The Streets of Albany Were Designed by Sadists

I was walking my daughter on Manning Boulevard recently, when a couple pulled over and asked for an address on North Manning Boulevard. I had to laugh out loud. “OK, go a couple more blocks north (as they were going), then suddenly the street will head east for a few blocks, then curve back north. When you cross Central Avenue, then you’ll be on North Manning, with a whole new numbering scheme.”

Another time I was walking along State Street near Washington Park. This man was walking to an address on State Street, but he was very confused because State Street seemed to end. “Go over to Western Avenue, go two blocks, turn right a block, and you’ll find State Street starts again.”


Albany is an old city. Its roots run back to a voyage by Henry Hudson in 1609. It was incorporated in 1686. Thus, a lot of the streets are not exactly parallel.
For instance, start at the bottom of the hill at State Street and Broadway. Get to the top of the hill, pass to the right of the Capitol (where the traffic pattern suggests) and suddenly, you’re on Washington Avenue. Where did State Street go? To the left of the Capitol on a one-way street, going the way opposite the numbering.

OK. Get to Lark Street. The bulk of the traffic seems to be going at 1 o’clock, and that continues to be Route 5. But that’s not Washington Avenue, that’s Central Avenue. No, stay straight in one of the worst-designed intersections in any city. Go about three blocks to the firehouse. Go straight and you’re suddenly on Western Avenue. Where did Washington Avenue go? You should have veered right.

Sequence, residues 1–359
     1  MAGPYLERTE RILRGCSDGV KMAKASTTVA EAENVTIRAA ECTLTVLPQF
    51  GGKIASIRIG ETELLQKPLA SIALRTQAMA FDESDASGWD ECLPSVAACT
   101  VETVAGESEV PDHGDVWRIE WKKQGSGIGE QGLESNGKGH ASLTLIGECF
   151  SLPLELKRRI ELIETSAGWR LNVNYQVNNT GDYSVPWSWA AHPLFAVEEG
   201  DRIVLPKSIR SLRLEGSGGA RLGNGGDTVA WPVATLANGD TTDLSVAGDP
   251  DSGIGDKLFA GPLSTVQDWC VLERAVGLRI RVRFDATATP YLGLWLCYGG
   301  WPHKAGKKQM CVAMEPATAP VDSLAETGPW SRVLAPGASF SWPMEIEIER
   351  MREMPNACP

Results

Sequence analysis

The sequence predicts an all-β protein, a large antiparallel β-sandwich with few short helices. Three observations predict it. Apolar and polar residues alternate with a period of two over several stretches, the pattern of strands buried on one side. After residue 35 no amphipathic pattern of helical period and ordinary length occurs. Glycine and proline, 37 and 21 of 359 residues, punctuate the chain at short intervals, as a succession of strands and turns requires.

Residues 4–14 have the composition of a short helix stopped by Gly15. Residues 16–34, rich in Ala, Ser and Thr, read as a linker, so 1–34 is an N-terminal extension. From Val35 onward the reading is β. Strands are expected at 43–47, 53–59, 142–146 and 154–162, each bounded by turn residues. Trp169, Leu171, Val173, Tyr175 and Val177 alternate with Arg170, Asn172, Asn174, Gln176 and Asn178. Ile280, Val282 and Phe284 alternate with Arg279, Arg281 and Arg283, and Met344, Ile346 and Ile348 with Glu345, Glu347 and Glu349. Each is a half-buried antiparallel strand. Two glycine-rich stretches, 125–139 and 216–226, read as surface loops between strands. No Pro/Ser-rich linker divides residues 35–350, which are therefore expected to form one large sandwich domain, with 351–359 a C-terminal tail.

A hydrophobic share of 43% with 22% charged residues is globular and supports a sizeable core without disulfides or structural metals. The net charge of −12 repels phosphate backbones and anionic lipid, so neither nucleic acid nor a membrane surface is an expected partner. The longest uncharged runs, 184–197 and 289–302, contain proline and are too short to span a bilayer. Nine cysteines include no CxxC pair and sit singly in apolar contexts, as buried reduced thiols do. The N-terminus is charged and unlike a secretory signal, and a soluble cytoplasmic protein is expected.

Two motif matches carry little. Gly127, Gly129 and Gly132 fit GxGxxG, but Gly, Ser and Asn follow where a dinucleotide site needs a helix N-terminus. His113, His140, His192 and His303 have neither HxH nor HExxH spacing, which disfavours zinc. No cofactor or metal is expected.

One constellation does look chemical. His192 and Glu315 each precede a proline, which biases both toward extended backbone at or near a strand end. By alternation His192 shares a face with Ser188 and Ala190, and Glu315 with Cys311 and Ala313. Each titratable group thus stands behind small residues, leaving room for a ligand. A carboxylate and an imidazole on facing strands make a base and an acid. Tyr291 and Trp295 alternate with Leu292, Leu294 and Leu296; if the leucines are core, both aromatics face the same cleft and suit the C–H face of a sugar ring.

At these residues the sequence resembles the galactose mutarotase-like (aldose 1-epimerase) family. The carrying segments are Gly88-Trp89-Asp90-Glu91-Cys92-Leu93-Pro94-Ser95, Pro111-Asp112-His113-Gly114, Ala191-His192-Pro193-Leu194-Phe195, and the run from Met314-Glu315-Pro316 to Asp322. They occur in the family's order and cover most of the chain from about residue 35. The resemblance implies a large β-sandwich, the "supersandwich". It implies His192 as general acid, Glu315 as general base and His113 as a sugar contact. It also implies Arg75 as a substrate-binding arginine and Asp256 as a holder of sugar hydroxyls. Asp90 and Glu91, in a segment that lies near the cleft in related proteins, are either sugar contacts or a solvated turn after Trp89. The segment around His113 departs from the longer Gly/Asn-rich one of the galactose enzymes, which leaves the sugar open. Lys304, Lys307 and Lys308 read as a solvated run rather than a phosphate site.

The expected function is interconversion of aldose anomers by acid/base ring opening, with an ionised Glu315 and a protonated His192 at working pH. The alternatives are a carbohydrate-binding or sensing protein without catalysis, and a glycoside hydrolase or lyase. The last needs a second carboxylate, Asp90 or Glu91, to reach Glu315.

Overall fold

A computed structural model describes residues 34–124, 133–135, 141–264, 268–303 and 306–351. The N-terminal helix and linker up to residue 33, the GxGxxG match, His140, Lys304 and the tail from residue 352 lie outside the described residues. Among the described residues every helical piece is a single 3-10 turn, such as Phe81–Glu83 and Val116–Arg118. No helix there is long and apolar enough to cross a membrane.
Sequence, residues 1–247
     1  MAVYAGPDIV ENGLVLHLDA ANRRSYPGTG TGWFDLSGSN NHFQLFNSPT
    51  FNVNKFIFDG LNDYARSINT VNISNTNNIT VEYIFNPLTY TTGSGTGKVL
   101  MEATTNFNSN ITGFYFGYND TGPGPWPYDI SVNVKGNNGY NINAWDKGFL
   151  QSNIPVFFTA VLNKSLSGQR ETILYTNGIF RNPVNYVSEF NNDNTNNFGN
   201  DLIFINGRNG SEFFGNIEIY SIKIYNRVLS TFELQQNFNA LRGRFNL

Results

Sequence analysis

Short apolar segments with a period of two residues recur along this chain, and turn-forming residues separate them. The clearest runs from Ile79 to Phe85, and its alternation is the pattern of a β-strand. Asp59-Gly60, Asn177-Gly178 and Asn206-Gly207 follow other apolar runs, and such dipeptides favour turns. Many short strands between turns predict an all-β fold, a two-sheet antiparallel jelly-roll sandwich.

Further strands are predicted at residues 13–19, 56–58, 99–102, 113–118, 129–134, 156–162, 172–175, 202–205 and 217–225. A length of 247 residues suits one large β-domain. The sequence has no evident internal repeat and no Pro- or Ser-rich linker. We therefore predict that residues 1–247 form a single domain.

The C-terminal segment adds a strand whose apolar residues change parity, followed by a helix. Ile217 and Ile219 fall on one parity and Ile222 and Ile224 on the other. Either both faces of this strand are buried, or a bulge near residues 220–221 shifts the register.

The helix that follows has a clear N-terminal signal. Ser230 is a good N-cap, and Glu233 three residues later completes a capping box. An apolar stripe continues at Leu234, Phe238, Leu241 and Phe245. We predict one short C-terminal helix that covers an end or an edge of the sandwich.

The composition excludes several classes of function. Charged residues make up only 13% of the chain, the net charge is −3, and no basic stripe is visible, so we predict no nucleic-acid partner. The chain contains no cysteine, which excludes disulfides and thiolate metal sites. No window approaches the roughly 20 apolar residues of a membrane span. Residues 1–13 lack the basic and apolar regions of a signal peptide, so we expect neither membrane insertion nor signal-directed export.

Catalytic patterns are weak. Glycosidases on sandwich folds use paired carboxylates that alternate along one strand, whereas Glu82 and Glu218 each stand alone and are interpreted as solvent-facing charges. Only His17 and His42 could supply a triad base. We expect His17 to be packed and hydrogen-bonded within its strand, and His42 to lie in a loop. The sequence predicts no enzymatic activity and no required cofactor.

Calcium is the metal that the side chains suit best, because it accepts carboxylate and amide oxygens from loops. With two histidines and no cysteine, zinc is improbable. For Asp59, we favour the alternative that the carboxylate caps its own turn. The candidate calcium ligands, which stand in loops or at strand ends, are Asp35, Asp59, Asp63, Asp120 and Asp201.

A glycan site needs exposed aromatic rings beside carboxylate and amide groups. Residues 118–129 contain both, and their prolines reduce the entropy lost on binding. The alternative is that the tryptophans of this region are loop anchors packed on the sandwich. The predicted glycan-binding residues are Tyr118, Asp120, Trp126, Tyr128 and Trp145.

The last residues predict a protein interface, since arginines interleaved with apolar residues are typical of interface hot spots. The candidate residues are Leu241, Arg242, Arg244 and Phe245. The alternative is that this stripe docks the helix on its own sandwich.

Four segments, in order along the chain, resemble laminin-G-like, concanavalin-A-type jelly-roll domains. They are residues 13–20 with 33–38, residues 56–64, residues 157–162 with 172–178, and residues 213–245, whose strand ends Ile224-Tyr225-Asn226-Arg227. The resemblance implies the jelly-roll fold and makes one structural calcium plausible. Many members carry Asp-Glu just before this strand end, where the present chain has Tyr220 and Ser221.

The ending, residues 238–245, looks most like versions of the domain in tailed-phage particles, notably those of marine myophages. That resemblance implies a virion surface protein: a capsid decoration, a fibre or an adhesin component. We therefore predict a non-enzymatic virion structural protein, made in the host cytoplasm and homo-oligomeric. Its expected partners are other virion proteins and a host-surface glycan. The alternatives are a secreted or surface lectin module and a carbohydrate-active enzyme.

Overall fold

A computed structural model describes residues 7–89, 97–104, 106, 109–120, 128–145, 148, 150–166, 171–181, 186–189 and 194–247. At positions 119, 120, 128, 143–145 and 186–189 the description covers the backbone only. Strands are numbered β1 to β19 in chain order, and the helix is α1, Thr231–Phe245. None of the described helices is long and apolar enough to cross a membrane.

In the opposite direction, Western and Madison Avenue do a divergence, with Route 20 suddenly moving from the former to the latter. New Scotland Avenue is an interesting street that is perpendicular to Madison Avenue at one point, and parallel a few blocks later.

The situation is made worse by development over the years. The creation of the Empire State Plaza, Washington Park, Albany High School at its current location, and the UAlbany uptown campus mean that there are MANY streets that start and stop and start again. An example: Hudson Avenue. It starts at Broadway and ends with the Empire State Plaza, built in the 1960s. It starts again on the other side of the plaza and ends at the park. There’s another segment between the high school and Allen Street. Thee are lots of examples of that. One would think this must be a police/fire department nightmare.

And the highways are no better. A peculiarity of the New York State Thruway, which is a toll road, is that it is on I-87 going north from NYC to Albany, then I-90, heading west to Buffalo. But there are also free segments of each interstate, not part of the Thruway. There’s a sign on I-787 that says . What if one wants to go to Saratoga or Schenectady? Go towards Buffalo. If Saratoga’s the goal, then you hop up I-87, the FREE portion known as the Northway, towards Montreal. According to a newspaper story, some folks coming from the New York City area to go to the casino on Exit 30 of the Thruway come up I-87, the Thruway, end up staying on I-87, the Northway, way up in the Adirondacks. What they SHOULD have done is stay on the Thruway, which becomes I-90, and take THAT Exit 30. And because of our arcane roads, New York State is not likely to get exits tied to the miles to/from the border, which is how they do things in New Jersey and Pennsylvania and Virginia, for three examples. Maybe that’s why the Monday road section of the local paper is one of its most popular features. Even people who live here are still trying to figure out the best way to get from here to there.

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